MicroGen Systems (MicroGen), a manufacturer of piezoelectric microelectromechanical systems (piezo-MEMS), has announced that it is testing its vibrational energy harvesters or micro-power generators (MPG) in partnership with the Facilities Management Services department of Rochester Institute of Technology (RIT). MicroGen installed its harvesters on the RIT campus to monitor a wireless sensor network (WSN), and to measure temperatures on exhaust and air-handling equipment operating within RIT's Science Building. MicroGen's MEMS technology is designed to capture and store energy for WSNs. MEMS—small silicon chips that can combine mechanical elements, sensors, actuators and electronics—have been used for several decades, in everything from inkjet printers to accelerometers that deploy air bags in cars (see RFID News Roundup: MicroGen Gets Funding for MEMS-based Energy Harvester). According to MicroGen, its BOLT power cells were mounted on various exhaust fans and blowers that exhibited a range of vibrational frequencies. BOLT power cells are 3.3-volt DC power sources, which contain a piezo-MEMS energy harvester, AC to DC conversion electronics, and a small amount of capacitive energy storage. They are intended to replace or supplement batteries, the company reports, providing at least 100 microwatts to 1.0 milliwatt at frequencies ranging between 100 Hz and 1500 Hz at low acceleration levels greater than or equal to 0.1 g. At RIT, the power cells were used for five weeks to enable Texas Instruments' eZ430 wireless sensor motes in a WSN. In addition, temperatures were monitored. "This type of installation using wireless sensors and vibrational energy harvesting provides the flexibility for existing buildings to quickly implement a sensing system for monitoring building performance, which will help in energy conservation and maintenance costs," said Catherine Ahern, an RIT adjunct professor who also serves as the director of engineering services in the university's Facilities Management Services organization. "Coupling the MicroGen's BOLT energy harvesting technology with the wireless motes also will be much less expensive than wired solutions in installation." MicroGen will leave a subset of the self-powered wireless sensors in place for continued analysis and study indefinitely, the company indicates. A similar TI mote-based WSN was set up in early June at the Sensors Expo, held in Rosemont, Ill. MicroGen completed this project as part of a NY State Energy Research Development Authority (NYSERDA) commercialization contract award (see MicroGen Gets Funding for MEMS-based Energy Harvester).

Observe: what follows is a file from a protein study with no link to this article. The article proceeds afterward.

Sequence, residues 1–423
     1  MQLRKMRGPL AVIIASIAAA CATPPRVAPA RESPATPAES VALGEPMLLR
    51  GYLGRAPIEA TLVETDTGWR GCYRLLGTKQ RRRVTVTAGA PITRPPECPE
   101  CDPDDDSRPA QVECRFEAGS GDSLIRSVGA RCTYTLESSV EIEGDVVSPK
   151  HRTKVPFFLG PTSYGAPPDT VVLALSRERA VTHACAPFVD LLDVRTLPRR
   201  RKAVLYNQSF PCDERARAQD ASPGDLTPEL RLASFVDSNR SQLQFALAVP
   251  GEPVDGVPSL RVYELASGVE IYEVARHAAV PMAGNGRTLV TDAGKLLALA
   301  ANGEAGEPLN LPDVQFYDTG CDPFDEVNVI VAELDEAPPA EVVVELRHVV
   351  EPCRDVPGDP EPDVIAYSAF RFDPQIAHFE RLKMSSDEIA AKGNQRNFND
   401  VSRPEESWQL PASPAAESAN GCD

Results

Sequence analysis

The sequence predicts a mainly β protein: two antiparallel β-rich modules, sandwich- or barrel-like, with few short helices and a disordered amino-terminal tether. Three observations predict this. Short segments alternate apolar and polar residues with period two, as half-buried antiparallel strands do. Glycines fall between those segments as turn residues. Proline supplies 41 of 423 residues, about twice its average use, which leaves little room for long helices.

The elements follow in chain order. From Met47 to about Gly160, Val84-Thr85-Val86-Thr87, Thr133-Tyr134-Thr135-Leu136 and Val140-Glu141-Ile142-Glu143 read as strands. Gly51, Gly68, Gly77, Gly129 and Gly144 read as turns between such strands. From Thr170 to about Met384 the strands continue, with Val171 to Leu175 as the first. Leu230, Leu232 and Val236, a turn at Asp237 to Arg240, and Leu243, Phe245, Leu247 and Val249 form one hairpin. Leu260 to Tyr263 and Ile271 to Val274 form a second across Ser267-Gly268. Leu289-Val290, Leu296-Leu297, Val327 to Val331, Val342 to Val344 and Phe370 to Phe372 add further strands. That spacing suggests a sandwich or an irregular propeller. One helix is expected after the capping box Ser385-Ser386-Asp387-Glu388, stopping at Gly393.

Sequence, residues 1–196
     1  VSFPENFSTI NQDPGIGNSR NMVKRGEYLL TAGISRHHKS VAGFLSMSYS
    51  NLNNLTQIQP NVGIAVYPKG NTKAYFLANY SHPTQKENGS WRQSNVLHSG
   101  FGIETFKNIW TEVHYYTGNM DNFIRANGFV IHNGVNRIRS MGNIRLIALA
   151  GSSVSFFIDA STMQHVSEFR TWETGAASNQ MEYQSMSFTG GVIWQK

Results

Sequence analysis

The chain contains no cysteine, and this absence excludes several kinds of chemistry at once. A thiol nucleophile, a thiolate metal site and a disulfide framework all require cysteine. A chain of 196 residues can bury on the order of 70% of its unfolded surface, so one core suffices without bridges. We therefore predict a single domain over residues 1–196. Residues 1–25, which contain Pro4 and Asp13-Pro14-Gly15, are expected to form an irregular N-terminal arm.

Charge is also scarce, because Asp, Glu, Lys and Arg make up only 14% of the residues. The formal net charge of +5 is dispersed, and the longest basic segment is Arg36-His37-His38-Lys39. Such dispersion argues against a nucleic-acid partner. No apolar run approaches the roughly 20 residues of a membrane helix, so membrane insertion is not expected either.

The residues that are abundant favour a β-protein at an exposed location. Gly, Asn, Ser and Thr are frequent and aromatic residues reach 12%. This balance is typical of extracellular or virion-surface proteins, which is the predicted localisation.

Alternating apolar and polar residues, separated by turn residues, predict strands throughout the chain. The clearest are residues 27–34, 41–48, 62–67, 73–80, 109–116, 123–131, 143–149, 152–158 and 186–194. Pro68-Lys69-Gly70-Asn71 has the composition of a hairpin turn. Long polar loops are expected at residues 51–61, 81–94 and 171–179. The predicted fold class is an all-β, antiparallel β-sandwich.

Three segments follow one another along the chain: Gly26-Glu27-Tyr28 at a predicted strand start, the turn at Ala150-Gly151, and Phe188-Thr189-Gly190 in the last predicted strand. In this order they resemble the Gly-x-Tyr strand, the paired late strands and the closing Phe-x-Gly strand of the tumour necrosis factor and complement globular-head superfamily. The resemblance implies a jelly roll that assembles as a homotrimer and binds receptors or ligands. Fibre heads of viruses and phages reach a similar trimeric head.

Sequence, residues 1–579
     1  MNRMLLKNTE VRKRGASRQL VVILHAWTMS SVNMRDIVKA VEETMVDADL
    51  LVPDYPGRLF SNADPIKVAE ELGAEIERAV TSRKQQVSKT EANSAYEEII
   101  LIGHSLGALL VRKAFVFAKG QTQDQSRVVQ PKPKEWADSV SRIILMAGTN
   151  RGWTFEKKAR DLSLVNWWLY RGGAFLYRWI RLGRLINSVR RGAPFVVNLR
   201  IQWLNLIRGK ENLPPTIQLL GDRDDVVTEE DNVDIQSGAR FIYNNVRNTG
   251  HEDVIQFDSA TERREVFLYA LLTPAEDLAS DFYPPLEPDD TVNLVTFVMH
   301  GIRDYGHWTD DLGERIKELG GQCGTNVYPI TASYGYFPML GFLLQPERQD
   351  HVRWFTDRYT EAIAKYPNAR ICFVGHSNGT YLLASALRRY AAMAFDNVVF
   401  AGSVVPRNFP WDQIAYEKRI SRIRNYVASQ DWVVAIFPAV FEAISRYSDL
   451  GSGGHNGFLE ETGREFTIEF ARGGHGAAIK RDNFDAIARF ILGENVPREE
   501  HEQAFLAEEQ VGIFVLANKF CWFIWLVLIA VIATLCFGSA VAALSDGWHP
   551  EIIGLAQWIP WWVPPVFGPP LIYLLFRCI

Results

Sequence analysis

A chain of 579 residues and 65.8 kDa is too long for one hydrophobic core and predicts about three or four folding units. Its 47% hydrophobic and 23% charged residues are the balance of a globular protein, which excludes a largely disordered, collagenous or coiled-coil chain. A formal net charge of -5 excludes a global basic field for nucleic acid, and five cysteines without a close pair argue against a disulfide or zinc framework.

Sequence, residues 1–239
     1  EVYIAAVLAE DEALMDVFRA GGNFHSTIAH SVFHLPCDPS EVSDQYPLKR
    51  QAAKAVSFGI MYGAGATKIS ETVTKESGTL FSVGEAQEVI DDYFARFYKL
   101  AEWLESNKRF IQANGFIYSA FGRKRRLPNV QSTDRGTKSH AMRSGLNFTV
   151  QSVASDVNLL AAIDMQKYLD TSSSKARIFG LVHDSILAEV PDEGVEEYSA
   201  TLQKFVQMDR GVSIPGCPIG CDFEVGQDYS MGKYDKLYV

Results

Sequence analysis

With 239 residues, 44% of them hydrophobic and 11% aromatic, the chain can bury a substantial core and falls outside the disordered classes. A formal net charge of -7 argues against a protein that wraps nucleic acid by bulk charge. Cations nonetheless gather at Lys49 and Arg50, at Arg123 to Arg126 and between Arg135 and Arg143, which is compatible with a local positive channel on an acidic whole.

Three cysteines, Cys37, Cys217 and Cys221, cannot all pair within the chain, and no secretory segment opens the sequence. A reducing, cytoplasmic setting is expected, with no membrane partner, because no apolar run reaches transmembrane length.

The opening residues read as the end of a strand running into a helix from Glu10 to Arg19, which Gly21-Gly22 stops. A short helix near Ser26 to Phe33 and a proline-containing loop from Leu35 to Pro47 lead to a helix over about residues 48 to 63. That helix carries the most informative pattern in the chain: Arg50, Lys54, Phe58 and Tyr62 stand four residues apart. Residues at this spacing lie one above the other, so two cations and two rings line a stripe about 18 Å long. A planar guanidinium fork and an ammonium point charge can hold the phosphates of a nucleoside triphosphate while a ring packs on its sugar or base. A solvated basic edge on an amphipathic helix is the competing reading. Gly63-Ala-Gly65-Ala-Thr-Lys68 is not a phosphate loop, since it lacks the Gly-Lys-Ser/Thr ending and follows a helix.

Nintendo to Begin Selling NFC-enabled Pokémon Figurines for the Wii U

An NFC-enabled Pokémon figurine and the Wii U game pad
Video game purveyor GameStop will begin selling Nintendo's Pokémon figurines embedded with Near Field Communication (NFC) tags for the Wii U in the United States on Aug. 29, according to the Pokémon Web site. The NFC figurines will work with a new game in the Pokémon Rumble series, known as Pokémon Rumble U, which utilizes the features of the Nintendo Wii U system, including the NFC RFID reader to the game's controller. When announced in February 2012 (see RFID News Roundup: Nintendo to Add NFC to Wii U Controller), Nintendo's president, Satoru Iwata, said the NFC functionality would enable the creation of "cards and figurines that can electronically read and write data via noncontact NFC, and to expand the new play format in the video-game world. Adoption of this functionality will enable various other possibilities, such as using it as a means of making micropayments." The forthcoming NFC-enabled Pokémon figurines have NFC bases that can be placed on the NFC reader at the bottom-left of the Wii U controller, which interrogates each figurine's statistics and abilities, and then places that character in the game.